Tuesday, 22 December 2009


This looks Dutch to me at first glance, but it originates from Latin:

duumvir n one of two men associated in the same office or post - pl duumvirs or duumviri - adj duumviral - n duumvirate an association of two men in one office or post; a government by duumvirs. [Origin from Latin duumviri, for duoviri, from duo two, and vir a man] Chambers, 1998

For two men associated in the same post, I want to suggest a pair like Reeves and Mortimer, but I suppose it should be men who have the exact same post, like multiple editors in a publishing house or salespeople in a shop. The "du" rhymes with "moo", so it's pronounced "doo-um-vir".

Of course, it comes from the Latin word for "man" and there is no female equivalent for this word: no "duumfemina" or "duummulier", for example. It'd be interesting to look in a more recent dictionary to see if this word has been gender-neutralised yet. I'm presuming it would be, much as something like "chairman" is referred to as a person of either gender.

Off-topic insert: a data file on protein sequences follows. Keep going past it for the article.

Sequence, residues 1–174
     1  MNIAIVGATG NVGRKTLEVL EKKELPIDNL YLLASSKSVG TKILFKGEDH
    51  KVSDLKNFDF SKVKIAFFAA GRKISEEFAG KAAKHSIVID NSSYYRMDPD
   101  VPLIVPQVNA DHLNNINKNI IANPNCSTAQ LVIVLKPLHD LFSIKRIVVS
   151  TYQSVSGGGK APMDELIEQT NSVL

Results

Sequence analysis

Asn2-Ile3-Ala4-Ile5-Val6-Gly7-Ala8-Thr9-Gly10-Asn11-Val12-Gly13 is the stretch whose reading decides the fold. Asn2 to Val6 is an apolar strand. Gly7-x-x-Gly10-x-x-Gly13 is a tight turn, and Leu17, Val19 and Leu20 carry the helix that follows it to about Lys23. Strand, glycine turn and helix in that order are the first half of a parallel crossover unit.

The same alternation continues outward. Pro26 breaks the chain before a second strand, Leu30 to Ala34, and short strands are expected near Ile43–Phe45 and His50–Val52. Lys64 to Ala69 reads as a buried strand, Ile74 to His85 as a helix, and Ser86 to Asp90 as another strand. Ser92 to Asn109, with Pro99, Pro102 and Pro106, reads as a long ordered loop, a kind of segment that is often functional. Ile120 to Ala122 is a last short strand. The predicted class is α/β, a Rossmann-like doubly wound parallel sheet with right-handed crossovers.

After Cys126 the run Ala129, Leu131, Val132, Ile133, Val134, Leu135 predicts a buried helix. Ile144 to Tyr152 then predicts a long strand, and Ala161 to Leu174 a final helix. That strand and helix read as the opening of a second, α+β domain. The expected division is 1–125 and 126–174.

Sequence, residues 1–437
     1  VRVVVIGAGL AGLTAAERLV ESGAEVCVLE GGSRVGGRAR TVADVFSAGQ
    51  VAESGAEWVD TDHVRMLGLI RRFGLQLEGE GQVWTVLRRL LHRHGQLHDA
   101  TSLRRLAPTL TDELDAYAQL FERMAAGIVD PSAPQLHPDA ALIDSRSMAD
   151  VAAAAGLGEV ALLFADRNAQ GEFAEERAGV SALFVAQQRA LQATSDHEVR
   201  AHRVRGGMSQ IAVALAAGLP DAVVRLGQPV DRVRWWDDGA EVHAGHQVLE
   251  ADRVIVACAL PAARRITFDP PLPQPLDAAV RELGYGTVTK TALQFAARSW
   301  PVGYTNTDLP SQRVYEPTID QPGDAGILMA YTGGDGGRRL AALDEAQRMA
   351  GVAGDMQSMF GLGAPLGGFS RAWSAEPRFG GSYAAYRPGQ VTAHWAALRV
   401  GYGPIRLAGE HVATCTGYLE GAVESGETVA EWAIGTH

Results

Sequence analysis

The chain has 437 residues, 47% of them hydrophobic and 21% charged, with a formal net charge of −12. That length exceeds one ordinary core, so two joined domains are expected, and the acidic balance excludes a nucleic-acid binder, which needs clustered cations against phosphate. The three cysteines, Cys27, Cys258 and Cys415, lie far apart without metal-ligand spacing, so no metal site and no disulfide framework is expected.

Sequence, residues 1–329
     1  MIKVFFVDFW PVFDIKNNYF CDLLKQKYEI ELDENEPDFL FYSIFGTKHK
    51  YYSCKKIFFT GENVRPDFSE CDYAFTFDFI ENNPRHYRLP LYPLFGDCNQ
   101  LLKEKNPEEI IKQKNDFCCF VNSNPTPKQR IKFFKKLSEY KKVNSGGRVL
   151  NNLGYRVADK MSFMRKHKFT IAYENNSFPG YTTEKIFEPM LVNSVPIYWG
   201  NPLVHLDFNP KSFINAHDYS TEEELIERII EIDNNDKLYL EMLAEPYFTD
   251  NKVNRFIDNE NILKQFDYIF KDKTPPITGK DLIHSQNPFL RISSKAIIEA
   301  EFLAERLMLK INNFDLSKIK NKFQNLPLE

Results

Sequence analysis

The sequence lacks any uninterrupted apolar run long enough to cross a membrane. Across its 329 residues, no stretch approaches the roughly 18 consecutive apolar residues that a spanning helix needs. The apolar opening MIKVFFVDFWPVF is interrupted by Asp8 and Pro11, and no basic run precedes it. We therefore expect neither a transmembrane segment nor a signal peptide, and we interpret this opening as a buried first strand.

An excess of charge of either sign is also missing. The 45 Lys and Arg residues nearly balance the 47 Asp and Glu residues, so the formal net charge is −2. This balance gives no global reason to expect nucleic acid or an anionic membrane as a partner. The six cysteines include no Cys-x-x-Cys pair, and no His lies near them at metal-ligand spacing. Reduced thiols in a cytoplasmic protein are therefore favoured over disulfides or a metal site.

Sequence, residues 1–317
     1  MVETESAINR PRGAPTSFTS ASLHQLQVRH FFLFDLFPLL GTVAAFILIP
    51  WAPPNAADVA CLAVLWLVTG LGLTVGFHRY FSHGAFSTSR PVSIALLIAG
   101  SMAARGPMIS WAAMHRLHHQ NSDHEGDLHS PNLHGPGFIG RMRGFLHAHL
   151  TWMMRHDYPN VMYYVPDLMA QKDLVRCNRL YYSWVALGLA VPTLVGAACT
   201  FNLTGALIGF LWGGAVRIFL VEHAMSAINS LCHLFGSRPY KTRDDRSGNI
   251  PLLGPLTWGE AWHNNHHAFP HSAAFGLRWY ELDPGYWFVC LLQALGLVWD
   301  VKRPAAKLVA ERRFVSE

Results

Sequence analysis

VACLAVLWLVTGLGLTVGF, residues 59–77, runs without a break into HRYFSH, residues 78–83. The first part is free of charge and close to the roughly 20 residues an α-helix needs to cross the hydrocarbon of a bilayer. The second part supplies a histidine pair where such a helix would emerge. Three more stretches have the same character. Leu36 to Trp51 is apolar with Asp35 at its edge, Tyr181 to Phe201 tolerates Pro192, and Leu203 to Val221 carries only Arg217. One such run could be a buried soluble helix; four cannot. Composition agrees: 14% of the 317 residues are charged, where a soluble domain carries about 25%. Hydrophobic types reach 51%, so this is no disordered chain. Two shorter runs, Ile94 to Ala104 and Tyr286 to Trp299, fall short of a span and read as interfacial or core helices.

I do like this word though. It sounds almost clownish: "This is Bob. He's my favourite duumvir". I wonder if I could stretch the definition to apply to siblings or other relations over the coming festive period?


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  2. Sorry, that was incredibly badly written. Let me try again: I like this word, not only for its double-u, but for the fact that it tells us that Pompee, Caesar, and Crassus were, by extension, triumvirs in the much more common first Triumvriate.

  3. Absolutely! And logically this extends to other numbers as well. Girls Aloud could be a quintumvirate. Wait, that doesn't work for lots of reasons.